Non-Fiction Book Reviews

Book Review: How to Cook a Tapir

By Sandy Amazeen Apr 6, 2009, 7:23 GMT

Book Review: How to Cook a Tapir

In 1962 Joan Fry was a college sophomore recently married to a dashing anthropologist. Naively consenting to a year-long “working honeymoon” in British Honduras (now Belize), she soon found herself living in a remote Kekchi village deep in the rainforest. Because Fry had no cooking or housekeeping experience, the romance of living in a hut and learning to cook on a makeshift stove quickly faded. Guided by the village women ...more

When the naive, newly married collage student Joan Fry agreed to a yearlong working honeymoon in what was then called British Honduras in 1962, she scarcely imagined what life in the rainforest would be like. An only child, Joan was raised in the New Jersey suburbs and at twenty years of age, was plunged headlong into a world of bare breasted women, tamales filled with chicken feet and insects the size of dinner platters. Her husband Aaron was the first American anthropologist to live with and study the Kekchi Maya who made southern Belize their home and as such, expected Joan to abide by the local customs.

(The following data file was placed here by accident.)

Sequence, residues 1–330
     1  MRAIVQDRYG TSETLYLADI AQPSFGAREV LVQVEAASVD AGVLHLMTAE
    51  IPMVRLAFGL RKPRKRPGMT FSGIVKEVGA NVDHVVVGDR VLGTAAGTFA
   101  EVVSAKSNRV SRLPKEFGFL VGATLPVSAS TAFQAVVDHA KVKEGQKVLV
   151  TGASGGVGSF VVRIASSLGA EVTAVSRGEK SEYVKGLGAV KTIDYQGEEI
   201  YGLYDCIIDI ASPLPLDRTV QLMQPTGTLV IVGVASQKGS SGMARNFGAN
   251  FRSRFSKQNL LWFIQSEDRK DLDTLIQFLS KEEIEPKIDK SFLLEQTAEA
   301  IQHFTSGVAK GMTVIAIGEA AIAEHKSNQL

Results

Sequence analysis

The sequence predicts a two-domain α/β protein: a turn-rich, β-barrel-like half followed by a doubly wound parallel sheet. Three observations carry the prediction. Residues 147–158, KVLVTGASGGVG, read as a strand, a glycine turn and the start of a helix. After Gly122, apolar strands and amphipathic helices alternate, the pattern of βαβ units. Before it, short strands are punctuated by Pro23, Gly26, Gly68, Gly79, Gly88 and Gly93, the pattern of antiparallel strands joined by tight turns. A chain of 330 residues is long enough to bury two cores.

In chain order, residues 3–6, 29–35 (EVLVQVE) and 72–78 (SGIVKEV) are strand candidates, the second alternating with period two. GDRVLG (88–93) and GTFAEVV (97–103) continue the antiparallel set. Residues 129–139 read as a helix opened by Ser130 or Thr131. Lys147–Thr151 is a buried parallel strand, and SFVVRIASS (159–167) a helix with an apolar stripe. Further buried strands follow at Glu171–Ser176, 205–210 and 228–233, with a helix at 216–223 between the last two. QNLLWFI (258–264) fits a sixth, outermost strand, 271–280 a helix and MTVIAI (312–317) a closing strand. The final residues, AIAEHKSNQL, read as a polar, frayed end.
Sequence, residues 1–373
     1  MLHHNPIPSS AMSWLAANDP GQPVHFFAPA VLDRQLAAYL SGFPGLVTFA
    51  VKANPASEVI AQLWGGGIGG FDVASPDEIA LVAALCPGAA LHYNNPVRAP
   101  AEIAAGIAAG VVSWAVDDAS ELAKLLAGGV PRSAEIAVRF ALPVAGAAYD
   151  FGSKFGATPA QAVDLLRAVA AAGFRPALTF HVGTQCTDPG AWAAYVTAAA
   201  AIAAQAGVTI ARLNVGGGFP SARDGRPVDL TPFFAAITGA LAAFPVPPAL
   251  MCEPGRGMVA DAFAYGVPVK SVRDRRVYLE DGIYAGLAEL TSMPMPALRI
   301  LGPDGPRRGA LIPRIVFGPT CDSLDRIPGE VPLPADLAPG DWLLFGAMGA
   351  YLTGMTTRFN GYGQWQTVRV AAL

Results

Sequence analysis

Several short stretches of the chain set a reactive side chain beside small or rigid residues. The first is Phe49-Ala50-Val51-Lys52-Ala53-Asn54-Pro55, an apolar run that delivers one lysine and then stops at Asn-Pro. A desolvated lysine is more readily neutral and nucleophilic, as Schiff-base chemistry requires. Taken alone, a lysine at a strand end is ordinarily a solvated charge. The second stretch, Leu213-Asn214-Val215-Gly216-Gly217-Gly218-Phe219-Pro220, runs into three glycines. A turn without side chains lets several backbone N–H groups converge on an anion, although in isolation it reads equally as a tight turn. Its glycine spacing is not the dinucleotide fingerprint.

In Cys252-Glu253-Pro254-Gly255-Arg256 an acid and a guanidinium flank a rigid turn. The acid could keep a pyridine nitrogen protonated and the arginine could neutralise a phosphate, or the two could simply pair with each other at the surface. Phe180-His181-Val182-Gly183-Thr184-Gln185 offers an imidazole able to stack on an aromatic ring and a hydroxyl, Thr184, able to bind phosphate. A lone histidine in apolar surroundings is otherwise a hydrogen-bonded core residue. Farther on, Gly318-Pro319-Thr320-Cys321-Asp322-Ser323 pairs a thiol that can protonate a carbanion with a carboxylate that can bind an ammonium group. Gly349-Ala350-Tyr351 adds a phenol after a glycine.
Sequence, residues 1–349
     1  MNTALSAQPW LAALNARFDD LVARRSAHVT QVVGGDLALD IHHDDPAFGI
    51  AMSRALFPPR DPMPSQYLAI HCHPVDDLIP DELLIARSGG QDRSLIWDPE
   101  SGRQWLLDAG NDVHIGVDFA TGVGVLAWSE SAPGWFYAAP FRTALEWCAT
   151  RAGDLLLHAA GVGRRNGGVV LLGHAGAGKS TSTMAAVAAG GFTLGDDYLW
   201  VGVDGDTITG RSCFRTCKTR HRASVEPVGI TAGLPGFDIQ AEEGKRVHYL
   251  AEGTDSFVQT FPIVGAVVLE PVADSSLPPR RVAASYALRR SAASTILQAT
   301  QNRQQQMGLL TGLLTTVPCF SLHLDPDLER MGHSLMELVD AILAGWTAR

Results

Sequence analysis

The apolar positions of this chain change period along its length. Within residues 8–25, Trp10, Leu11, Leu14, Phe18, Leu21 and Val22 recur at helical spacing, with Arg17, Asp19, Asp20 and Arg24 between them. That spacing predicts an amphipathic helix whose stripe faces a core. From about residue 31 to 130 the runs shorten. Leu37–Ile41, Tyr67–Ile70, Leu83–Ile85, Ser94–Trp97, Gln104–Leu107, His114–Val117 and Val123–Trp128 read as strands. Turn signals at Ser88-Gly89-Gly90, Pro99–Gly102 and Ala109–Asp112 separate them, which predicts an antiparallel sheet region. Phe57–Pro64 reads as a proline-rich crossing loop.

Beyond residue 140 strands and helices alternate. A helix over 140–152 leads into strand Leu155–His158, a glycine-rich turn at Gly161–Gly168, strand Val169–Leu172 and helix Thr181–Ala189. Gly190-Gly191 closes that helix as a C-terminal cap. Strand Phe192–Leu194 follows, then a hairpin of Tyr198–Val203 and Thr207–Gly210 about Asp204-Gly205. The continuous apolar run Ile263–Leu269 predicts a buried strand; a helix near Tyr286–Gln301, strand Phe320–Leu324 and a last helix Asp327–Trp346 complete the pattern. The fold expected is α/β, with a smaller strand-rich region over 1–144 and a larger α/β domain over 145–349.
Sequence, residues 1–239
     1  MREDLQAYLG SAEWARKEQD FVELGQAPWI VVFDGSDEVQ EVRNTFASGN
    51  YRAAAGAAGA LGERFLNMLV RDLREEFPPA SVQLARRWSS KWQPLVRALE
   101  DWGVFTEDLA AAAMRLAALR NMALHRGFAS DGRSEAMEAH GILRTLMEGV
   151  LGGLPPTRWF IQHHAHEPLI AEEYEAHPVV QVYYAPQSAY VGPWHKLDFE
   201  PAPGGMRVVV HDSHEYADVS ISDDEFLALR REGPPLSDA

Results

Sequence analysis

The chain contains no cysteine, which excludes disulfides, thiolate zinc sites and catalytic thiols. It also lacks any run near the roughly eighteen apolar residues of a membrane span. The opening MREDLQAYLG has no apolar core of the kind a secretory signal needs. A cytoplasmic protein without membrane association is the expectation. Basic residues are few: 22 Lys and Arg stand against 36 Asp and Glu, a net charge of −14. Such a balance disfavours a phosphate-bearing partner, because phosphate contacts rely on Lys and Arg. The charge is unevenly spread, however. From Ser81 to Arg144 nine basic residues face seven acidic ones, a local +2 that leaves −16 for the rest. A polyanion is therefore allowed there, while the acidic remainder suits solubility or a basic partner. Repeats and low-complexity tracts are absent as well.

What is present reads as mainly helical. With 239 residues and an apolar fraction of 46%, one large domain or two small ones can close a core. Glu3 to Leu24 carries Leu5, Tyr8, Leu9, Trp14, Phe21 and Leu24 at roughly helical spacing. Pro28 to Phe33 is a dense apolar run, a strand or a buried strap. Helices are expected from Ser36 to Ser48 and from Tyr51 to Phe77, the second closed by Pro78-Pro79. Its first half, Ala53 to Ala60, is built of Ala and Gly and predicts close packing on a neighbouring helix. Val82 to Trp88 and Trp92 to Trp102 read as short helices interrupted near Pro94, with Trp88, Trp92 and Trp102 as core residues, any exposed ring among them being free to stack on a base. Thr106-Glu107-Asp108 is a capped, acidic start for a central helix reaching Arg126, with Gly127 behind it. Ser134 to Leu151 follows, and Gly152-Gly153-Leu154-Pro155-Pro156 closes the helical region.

Thus Joan had to forego smoking, learn how to cook bush meat on stone slabs, negotiate for goods or services and much more while coping with a cold, distant husband with no understanding of his wifes fears. Although Joan never quite got over her disquiet of half-naked women, she managed to forge deep, lasting relationships with the villagers who patiently offered instruction and friendship.

Most of the recipes involve chicken, beans, rice or squash although the Convict Soup is funny as it refers to looking for cockroaches in the Knox packages. The Sesame Coconut Crunch is quite tasty and as Joan says, will feed 1-2 sugar addicts. Joans view of daily village life is liberally laced with funny observations such as the size of bull testicles, making this an entertaining coming of age story as a self-assured woman emerges from a sheltered young bride.

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